Self-assembled nanogels of cholesteryl-modified polysaccharides: Effect of the polysaccharide structure on their association characteristics in the dilute and semidilute regimes

Eric Akiyama, Nobuyuki Morimoto, Piotr Kujawa, Yayoi Ozawa, Françoise M. Winnik, Kazunari Akiyoshi

Research output: Contribution to journalArticlepeer-review

64 Citations (Scopus)

Abstract

The assembly of cholesteryl derivatives of the highly branched polysaccharide mannan Mw = (5.2 × 104 g/mol) in dilute aqueous solution was investigated by 1H nuclear magnetic resonance (NMR) spectroscopy, size-exclusion chromatography coupled with multiangle laser scattering (SEC-MALLS), dynamic light scattering (DLS), atomic force microscopy (AFM), fluorescence quenching, and fluorescence depolarization measurements. In the dilute regime, cholesteryl-bearing mannans (CHM) containing ∼1 cholesteryl group per 100 mannopyranose units formed nanogels with a hydrodynamic radius (RH) of ∼20 run containing ∼8 macromolecules held together via hydrophobic nanodomains consisting of ∼9 cholesteryl groups. Their density (Φh (∼0.02) was significantly lower than the density (∼0.16) of nanogels formed by a cholesteryl derivative of the linear polysaccharide pullulan (CHP) of identical molar mass and level of cholesteryl substitution. In the semidilute regime, CHM nanogels formed a macrogel network for concentrations higher than 12.5% w/w, whereas CHP nanogels underwent macrogelation only above a threshold concentration of 8.0% w/w, as revealed by oscillatory and steady-shear viscosity measurements. The differences in the solution properties of CHM and CHP reflect differences in their assembly on the molecular level, in particular, the size and number of hydrophobic nanodomains and the hydration level. They are attributed to differences in the mobility of the cholesteryl groups which, itself, can be traced to the fact that in CHM the cholesteryl groups are predominantly linked to short oligomannopyranose branches, whereas in CHP they are linked to the polymer main chain. Our study provides a novel means to nanoengineer polysaccharide nanogels which may find unique biotechnological applications.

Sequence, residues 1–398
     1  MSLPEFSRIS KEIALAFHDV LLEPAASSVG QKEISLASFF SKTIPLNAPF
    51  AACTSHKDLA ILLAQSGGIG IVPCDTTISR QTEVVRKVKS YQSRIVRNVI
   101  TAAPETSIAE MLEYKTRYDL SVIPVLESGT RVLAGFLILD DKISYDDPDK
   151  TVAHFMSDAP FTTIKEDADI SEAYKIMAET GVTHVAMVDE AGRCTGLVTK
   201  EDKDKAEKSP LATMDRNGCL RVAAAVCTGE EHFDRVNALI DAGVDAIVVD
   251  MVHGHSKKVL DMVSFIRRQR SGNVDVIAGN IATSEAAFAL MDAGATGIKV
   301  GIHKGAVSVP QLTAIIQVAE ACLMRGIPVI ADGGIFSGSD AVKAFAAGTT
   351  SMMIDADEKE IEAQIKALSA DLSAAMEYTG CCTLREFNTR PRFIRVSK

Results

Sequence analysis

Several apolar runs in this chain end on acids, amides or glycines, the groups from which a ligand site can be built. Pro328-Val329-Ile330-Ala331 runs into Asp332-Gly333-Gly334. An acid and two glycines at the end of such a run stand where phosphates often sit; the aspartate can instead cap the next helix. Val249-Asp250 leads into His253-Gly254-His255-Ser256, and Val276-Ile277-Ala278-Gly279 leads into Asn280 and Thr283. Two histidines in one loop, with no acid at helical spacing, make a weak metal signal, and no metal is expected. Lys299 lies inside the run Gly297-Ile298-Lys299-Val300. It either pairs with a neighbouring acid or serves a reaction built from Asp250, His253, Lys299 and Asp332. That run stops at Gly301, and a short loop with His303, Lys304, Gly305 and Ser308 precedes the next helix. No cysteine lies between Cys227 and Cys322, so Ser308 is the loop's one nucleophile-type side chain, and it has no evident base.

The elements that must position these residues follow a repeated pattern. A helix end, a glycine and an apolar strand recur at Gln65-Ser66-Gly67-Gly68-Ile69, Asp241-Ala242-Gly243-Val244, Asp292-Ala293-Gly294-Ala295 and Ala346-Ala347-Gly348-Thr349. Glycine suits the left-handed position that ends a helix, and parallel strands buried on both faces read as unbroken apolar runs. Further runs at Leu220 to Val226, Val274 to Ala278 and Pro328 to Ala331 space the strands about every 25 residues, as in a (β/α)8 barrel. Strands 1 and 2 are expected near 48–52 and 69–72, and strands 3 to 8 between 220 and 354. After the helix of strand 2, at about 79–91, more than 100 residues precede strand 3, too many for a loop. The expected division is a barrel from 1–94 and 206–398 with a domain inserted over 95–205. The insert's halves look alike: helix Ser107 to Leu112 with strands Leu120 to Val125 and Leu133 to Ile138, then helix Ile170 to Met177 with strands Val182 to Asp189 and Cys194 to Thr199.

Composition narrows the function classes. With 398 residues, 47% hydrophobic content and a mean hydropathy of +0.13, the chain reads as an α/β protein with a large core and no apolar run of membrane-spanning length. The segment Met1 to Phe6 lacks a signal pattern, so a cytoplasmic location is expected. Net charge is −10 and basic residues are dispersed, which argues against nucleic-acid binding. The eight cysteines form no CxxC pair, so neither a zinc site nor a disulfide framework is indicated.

Original languageEnglish
Pages (from-to)2366-2373
Number of pages8
JournalBiomacromolecules
Volume8
Issue number8
DOIs
Publication statusPublished - 2007 Aug 1
Externally publishedYes

ASJC Scopus subject areas

  • Bioengineering
  • Biomaterials
  • Polymers and Plastics
  • Materials Chemistry

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